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Marcus Glaad — 28/01/19

New year, new possibilities… And a new edition of NamesCon Global in Las Vegas

Just like every year when we visit the worlds greatest domain name conference, networking is key for us. To be able to quickly get in touch with domain investors, as well as the personal relationship with the large second-hand market places, adds great value for us at Dotkeeper.

But above all for our customers, who, when they need to get hold of an already taken domain name, need fast answers if the name is possible or not to acquire. This gives us an opportunity to keep a high pace in getting an overview of which name options that are available – and at what price.

Likewise, the more educational part, to acquire an understanding of where the market is going, what is new and what will be developed. Here we look to gain a good understanding of the area in order to be able to advise and motivate recommendations to our customers when it comes to issues within domain acquisitions, business development and “rebranding”.

Apart from that, of course, everything is bigger and grander over here, so one is struck by how incredibly extensive this industry (the secondary market of domain names) has come to be.

Getting to own your word and your name on internet interests me a lot. Name choice of your business, product and service, as well as the opportunity to get out on the market with that name as a separate domain name, led to companies worldwide spent over $ 1 billion. This is according to a forecast from VeriSign last year.

Companies around the world acquire their “words” at a fast pace. A few examples of words that have found new owners with companies in 2018:

Arrive, Beyond, Brew, Bungalow, Cabbage, Carrot, Christian, Close, Copper, Crypto, Do, Doc, Duck, Fallout, Gram, Groups, Hex, Ice, Indigo, Insider, Investigator, Invision, Island, Jump, Latitude, Ledger, Liquid, Lively, Mastermind, Note, Omen, Onyx, Packet, Pitch, Presto, Prime, Purple, Rain, React, Rock, Safer, Sandbox, Secure, Sierra, Signet, Slade, Spaceship, Super, Supernatural, Trailblazer, Triangle, Tube, Turbo, User, Valley, View, Visible, Visor, Wing, Workplace and Zoom.

A fascinating industry where an abstract combination of letters can cost several hundred thousand … dollars!

“What is my domain name worth?” is one of the most common questions I get, and I have previously written that the somewhat boring answer is often “How long a is a piece of string?”

It all depends on who the potential buyer is but also how much the domain name is worth for the person who wants to buy the name, the word, the letter combination.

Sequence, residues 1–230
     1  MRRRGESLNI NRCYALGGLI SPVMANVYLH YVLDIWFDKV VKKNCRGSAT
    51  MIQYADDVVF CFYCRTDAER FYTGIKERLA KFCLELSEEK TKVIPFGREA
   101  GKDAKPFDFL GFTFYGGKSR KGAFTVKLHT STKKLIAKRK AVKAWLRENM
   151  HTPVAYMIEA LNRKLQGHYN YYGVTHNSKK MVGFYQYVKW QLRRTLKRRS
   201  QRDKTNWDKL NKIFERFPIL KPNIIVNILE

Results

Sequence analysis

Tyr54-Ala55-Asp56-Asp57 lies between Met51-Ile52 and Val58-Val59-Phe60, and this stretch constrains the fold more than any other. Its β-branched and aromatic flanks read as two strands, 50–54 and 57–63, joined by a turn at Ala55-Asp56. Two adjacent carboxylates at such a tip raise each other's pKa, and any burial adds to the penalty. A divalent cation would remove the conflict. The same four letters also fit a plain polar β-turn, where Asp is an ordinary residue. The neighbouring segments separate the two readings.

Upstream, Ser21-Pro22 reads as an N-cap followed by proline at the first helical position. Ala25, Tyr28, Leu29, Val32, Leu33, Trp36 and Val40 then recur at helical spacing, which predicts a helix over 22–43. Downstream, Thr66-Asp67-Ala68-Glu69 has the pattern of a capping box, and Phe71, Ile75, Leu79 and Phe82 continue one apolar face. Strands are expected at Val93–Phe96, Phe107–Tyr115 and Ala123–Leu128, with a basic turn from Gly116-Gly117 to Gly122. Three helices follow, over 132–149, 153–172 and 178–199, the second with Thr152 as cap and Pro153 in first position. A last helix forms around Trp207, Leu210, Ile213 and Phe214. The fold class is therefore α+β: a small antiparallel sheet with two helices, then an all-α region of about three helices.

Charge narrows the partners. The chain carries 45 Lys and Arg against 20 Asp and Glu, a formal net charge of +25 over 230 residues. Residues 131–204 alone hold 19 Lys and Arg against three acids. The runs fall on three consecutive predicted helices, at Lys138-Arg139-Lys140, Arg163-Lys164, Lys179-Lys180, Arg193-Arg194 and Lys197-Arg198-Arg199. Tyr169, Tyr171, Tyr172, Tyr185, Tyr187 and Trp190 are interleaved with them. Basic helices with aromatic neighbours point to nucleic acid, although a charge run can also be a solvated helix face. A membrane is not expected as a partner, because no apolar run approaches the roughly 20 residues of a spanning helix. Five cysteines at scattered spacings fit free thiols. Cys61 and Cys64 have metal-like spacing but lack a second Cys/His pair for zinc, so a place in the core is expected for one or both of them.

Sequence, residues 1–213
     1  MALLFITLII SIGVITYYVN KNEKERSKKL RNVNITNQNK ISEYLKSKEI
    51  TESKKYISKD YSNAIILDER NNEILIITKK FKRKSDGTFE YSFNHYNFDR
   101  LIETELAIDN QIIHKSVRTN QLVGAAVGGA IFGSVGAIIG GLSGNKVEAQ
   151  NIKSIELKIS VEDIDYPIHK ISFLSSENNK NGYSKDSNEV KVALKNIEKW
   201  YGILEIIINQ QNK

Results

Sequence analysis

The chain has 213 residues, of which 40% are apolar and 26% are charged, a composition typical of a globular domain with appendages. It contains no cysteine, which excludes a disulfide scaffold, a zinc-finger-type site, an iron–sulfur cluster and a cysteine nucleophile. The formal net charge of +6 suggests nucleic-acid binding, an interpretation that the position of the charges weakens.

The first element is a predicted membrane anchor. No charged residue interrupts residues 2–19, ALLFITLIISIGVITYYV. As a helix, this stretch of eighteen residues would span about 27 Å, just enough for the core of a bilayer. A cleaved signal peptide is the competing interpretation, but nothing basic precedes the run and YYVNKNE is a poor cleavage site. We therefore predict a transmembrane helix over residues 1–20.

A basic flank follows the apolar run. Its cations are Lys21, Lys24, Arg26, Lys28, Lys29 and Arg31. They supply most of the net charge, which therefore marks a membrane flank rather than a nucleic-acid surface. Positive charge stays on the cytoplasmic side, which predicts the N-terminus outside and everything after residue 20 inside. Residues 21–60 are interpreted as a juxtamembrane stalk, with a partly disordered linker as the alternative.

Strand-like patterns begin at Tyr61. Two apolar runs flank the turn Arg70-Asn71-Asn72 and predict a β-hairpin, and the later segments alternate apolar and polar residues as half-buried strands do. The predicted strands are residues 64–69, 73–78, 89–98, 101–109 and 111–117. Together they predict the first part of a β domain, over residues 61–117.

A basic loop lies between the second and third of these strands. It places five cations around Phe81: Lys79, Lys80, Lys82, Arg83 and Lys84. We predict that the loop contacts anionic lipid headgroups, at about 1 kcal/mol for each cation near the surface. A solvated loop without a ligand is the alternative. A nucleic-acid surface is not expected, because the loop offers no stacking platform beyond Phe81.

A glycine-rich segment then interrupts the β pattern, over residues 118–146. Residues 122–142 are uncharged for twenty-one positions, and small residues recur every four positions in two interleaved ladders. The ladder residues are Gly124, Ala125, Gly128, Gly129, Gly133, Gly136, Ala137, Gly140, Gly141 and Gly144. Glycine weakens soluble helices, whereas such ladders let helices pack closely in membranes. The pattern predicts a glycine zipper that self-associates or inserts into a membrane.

“What is my domain name worth?” is usually a rewrite for “How can I price my domain?”. We can get the value first when we have a domain name, a potential buyer and a seller who is willing to sell their domain name.

“Does it mean that we are always anonymous when you contact domain investors / holders to purchase an already taken domain?”

No, quite rarely actually. Each negotiation is unique and the three components; buyers, sellers, domain names, give different variables and value each time. That’s also why it is never possible to say easily and accurately what a domain name is worth. It takes a couple of hours of preliminary work to create an initial good assessment of the value.

This is also one of the major reasons why automated valuation tools should not be considered as particularly credible sources. They should possibly be used for the purpose of trying to keep the price down if one intends to buy a domain.

As the buyer of a domain name, the most important question is to ask; “What could this name be worth to our company?”

We have previously published stories about famous domain purchases such as Uber.com and Great.com, and these are of course extremes that do not happen every day, but they are in no way unusual. Most large purchases are happening quietly.

One of the past year’s great talk in this industry was when Elon Musk tweeted and told us that he spent over 10 years and $ 11’000’000 to finally get hold of Tesla.com. At first glance, it’s of course crazy to spend so much money on a domain name. It’s not that Elon can’t sell his cars via teslacars.com which he also owns, but as an owner of a large global brand, Elon Musk apparently considered that tesla.com was worth $ 11’000’000.

Money can of course always be put into perspective on this type of comparisons and you can also ask yourself how much Elon has spent on his space rockets at this time? Being able to own these five letters as a domain name was obviously worth an incredible amount of money for him.

Domain names are one of the most important parts of the Internet and the value of a good domain name for a brand cannot be underestimated. This doesn’t mean that you must buy the name you are after, but it’s good to decide whether you want it or not and act accordingly. We see a continued increased trend in that companies do buy “their” names and keywords.

Supply and demand also control this industry, and with fewer available domain names the price rises. Once the domain names have ended up with “the end user” it is, for obvious reasons, a lot more difficult to get hold of a desired domain name.

All this is of course even more obvious when you collect a few thousand professionals at the same place and top it off with a large auction of these digital assets. It will be a real and important reminder of the great interest in good domain names.